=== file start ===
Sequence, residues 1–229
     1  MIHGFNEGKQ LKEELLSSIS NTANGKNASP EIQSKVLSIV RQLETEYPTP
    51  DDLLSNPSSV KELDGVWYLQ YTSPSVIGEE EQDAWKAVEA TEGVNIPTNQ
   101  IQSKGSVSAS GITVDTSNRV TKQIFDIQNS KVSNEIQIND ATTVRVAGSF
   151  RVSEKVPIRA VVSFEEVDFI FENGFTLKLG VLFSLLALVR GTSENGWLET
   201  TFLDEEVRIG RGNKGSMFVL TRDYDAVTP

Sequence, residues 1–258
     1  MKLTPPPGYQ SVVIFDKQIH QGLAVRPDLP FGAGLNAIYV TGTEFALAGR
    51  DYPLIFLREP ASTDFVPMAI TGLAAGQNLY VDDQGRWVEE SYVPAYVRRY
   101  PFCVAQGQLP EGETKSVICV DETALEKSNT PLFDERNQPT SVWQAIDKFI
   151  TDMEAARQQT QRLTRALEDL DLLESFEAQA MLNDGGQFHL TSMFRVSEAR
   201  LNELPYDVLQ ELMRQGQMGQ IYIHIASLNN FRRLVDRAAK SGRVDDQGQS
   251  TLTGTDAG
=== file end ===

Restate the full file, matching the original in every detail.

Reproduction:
Sequence, residues 1–229
     1  MIHGFNEGKQ LKEELLSSIS NTANGKNASP EIQSKVLSIV RQLETEYPTP
    51  DDLLSNPSSV KELDGVWYLQ YTSPSVIGEE EQDAWKAVEA TEGVNIPTNQ
   101  IQSKGSVSAS GITVDTSNRV TKQIFDIQNS KVSNEIQIND ATTVRVAGSF
   151  RVSEKVPIRA VVSFEEVDFI FENGFTLKLG VLFSLLALVR GTSENGWLET
   201  TFLDEEVRIG RGNKGSMFVL TRDYDAVTP

Sequence, residues 1–258
     1  MKLTPPPGYQ SVVIFDKQIH QGLAVRPDLP FGAGLNAIYV TGTEFALAGR
    51  DYPLIFLREP ASTDFVPMAI TGLAAGQNLY VDDQGRWVEE SYVPAYVRRY
   101  PFCVAQGQLP EGETKSVICV DETALEKSNT PLFDERNQPT SVWQAIDKFI
   151  TDMEAARQQT QRLTRALEDL DLLESFEAQA MLNDGGQFHL TSMFRVSEAR
   201  LNELPYDVLQ ELMRQGQMGQ IYIHIASLNN FRRLVDRAAK SGRVDDQGQS
   251  TLTGTDAG